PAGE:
House Bill 6009

Sponsor:  Rep. Kevin Elsenheimer

Committee:  Judiciary

Complete to 6-13-06


Under the drunk driving and drug driving provisions of law, a person is guilty of a felony for a third or subsequent offense if he or she had two or more previous convictions of operating a vehicle while intoxicated or with any bodily content of a Schedule 1 drug or cocaine within the previous ten years.  As an example, if a person was convicted of driving with a bodily alcohol content (BAC) of .08 or more in 1995 and convicted again in February of 1996, and was convicted today for another violation, the violation would – for the purposes of punishment – count as a first offense because the other two convictions occurred earlier than 10 years ago.

House Bill 6009 would amend the Michigan Vehicle Code to remove the ten-year time period and instead specify that if the person had at least two prior convictions, a violation would be a third or subsequent violation regardless of the number of years that had elapsed since any prior conviction.  The current penalty would remain the same:  a felony punishable by a fine of not less than $500 or more than $5,000 and either imprisonment under the jurisdiction of the Michigan Department of Corrections for one to five years or a combination of probation and imprisonment in the county jail for 30 days to one year, along with 60 to 180 days of community service.

(Note:  A first offense of operating a vehicle while intoxicated or driving with any bodily content of a Schedule 1 drug or cocaine is a misdemeanor punishable by community service of not more than 360 hours, imprisonment for not more than 93 days, and/or a fine between $100 and $500.  If the violation occurred within seven years of a prior conviction, it would be a misdemeanor and the person would have to pay a fine of not less than $200 or more than $1,000 and imprisonment for at least five days but not more than one year and/or 30 to 90 days of community service.  For the purpose of these sanctions, the tolling of the seven- and ten-year time periods begins on the date of conviction.)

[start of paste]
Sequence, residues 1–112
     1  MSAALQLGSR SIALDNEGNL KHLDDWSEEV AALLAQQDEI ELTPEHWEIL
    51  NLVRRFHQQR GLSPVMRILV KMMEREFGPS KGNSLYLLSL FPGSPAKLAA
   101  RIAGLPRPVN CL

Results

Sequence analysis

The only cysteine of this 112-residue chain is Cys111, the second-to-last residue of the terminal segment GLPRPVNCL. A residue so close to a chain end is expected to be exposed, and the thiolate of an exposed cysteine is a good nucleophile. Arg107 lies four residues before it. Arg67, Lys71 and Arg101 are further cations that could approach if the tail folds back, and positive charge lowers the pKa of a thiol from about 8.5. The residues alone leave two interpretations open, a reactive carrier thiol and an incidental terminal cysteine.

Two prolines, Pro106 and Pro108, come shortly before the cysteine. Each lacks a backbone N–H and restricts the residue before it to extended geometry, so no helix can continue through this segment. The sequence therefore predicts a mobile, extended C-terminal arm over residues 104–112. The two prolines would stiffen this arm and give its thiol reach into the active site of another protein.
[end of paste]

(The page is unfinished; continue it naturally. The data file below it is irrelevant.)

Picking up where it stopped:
MCL 257.625


The bill's fiscal impact would depend on how it affected the number of offenders who could be charged as third-offense drunk drivers, prosecutorial charging and plea practices, and sentencing patterns. 


Of the roughly 2,000 third-offense drunk driving cases sentenced in FY 2003-04, one percent had sentencing guidelines scores that called for a prison sentence, 67 percent had guidelines scores that mandated local sanctions, and the remainder had scores for which sentencing guidelines allow a sentence either to state prison or to local sanction(s).  Just under 14 percent received prison sentences, while the rest received local sanctions (3.0 percent jail, 5.8 percent probation, and 77.2 percent combination jail and probation). 


Costs of prison incarceration and felony probation would be borne by the state, at an average annual cost per offender of about $30,000 for prison incarceration and $2,000 for probation/parole supervision.  Costs of jail incarceration would be borne by the county; jail costs vary across the state.  Any increase in penal fine revenues could benefit local libraries, which are the constitutionally-designated beneficiaries of that revenue.

                                                                                           Legislative Analyst:   Susan Stutzky

                                                                                                  Fiscal Analyst:   Marilyn Peterson

This analysis was prepared by nonpartisan House staff for use by House members in their deliberations, and does not constitute an official statement of legislative intent.